During Mothers’ Day afternoon we visited one of my favourite small seaside towns; one with many memories from childhood, my teens and later. My Daughter spent her 30th weekend here and it now holds thumbnailspecial memories for her too. All the beautiful old stone buildings are intact, well looked after and in use, including the Town Hall and the Council Chambers.  I have relatives who settled here way back  in the 1830’s after a perilous journey from Scotland and a shipwreck just as they reached journey’s end. They drifted for 5 days in an  open boat  before a storm took them to the shore and they were saved. My amother’s grandfather was a babe in arms and grew to be many things, including an Member of Parliament, who’s funeral was attended by 10,000 people. There is still a memorial to him in the town he lived in for most of his life and I was privileged to lay flowers on it for one anniversary.It was a beautiful day which I’ll remember for a long time. Thank you to all those who made it so stress free and easy to enjoy.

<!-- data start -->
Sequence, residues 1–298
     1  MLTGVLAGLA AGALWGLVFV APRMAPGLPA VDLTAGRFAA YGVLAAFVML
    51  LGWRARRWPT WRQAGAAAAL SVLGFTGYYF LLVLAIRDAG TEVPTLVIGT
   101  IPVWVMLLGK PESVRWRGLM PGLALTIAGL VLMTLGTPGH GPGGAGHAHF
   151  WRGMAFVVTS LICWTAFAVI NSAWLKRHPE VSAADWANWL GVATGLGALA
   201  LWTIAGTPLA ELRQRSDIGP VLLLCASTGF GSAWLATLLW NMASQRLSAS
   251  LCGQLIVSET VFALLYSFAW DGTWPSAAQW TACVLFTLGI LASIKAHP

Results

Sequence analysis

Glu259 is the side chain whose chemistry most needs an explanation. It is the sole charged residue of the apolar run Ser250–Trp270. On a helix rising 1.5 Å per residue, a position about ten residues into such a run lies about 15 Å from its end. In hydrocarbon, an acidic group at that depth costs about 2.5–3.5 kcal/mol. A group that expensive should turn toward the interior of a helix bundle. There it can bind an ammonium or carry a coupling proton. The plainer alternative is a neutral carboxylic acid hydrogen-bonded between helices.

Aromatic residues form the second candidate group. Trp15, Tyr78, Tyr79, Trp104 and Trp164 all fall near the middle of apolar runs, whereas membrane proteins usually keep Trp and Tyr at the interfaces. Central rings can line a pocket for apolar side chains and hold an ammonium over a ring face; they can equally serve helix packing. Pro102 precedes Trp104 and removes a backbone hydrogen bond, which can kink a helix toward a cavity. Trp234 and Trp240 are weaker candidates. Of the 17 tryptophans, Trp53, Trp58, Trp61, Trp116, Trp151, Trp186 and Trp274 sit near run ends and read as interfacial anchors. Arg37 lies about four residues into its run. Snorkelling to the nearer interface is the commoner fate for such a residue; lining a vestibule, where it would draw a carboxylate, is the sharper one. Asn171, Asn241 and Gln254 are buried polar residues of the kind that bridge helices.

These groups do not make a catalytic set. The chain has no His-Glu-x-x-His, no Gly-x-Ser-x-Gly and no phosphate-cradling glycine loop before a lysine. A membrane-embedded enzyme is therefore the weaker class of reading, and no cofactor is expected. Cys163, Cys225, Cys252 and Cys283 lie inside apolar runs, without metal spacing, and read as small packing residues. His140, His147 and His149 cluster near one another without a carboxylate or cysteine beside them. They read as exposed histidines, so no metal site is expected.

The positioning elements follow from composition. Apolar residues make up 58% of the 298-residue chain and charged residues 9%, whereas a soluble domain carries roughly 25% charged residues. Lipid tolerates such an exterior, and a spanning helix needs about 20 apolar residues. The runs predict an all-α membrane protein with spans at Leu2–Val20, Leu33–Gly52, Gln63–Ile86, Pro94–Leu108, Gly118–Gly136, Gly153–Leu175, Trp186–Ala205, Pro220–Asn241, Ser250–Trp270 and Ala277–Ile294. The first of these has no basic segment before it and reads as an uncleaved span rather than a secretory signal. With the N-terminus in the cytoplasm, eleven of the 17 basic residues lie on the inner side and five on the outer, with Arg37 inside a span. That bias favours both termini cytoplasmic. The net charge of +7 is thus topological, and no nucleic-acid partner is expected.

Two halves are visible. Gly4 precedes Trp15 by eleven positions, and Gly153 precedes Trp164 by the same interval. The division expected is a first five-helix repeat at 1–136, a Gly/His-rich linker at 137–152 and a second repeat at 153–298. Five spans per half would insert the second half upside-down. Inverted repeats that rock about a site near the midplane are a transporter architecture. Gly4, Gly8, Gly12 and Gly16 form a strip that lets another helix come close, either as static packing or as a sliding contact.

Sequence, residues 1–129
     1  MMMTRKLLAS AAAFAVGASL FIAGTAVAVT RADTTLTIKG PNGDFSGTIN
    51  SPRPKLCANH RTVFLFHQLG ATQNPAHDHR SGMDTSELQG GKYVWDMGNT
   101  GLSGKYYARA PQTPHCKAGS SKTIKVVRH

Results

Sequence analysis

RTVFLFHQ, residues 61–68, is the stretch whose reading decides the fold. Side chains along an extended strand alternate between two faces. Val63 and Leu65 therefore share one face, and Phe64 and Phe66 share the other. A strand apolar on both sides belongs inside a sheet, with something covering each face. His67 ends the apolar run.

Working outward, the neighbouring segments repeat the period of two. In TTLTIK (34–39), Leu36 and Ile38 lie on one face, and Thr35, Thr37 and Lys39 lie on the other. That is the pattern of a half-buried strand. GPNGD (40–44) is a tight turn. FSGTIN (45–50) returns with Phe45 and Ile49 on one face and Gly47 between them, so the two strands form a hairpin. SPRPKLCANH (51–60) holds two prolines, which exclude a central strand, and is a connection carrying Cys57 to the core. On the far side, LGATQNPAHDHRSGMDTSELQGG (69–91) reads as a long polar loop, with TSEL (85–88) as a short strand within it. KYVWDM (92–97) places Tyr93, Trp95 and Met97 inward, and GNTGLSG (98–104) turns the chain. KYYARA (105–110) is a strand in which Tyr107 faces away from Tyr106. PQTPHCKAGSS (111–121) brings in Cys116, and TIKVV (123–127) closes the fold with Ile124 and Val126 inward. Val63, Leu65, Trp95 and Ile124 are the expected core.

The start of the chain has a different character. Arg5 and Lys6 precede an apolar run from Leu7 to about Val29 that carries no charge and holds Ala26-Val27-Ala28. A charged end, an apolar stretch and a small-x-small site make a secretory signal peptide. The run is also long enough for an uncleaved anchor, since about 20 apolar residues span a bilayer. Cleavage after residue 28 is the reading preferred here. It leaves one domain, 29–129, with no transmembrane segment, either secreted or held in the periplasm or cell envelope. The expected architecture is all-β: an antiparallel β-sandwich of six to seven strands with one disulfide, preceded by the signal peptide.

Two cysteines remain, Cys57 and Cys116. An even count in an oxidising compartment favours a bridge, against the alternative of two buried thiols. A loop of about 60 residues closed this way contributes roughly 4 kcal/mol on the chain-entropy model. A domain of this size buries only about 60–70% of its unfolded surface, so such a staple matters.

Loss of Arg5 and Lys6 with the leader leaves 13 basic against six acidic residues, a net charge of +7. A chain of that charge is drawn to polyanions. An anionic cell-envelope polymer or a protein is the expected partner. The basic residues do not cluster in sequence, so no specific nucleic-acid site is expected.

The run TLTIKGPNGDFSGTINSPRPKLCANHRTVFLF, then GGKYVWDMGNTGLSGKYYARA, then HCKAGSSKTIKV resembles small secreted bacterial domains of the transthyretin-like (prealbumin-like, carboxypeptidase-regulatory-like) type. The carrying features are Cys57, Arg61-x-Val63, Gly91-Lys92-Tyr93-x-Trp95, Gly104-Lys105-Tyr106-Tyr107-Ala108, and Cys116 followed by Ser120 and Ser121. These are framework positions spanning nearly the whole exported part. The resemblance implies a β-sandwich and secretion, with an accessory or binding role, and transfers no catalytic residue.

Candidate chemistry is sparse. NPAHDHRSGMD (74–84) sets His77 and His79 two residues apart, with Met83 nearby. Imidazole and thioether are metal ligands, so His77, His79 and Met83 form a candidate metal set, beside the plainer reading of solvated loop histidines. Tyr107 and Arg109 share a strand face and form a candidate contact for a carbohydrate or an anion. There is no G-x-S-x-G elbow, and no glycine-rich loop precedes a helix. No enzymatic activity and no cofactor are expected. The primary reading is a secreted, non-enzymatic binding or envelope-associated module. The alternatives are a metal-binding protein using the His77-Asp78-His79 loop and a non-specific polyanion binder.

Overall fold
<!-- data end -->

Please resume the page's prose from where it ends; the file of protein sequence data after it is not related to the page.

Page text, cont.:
Here at Poddler’s Creek today, it is raining intermittently, leaving the old River Red Gums shining in the sunlight, the bark a tapestry of colours and the birds enjoying the many treats that occur on days like this. Sadly we have just lost two ganders to the fox, a big red dog fox, and the flock are nervous and grieving. We’ve kept them in for part of the day to help them feel more secure for a time and will pen them in early tonight.  In the days when I was out and about all the time working in the garden it was a big deterrent and we rarely had losses to the Goshawks or foxes. It is hard to live with, life is so confronting and the challenges hard to take along with everything else at times. It is important to balance these times with things that renew, inform, excite, indulge, and so on. Always late to the party, I have just discovered Hilary Mantel, thanks to a great interview with Phillip Adams on Radio National. She is erudite, amusing, direct, and a joy to listen to. Of course I immediately bought “The Assassination of Margaret Thatcher” and am reading it straight through, more or less – who wouldn’t? It has reminded me of how much I love short stories, both to read and to write, and I woke this morning with one half written in my favourite form – ‘true fiction’, for want of  a better description. Who knows what is the truth and what is imagined? Who knows what is remembered and what dreamed or told by another?  Enjoy your day!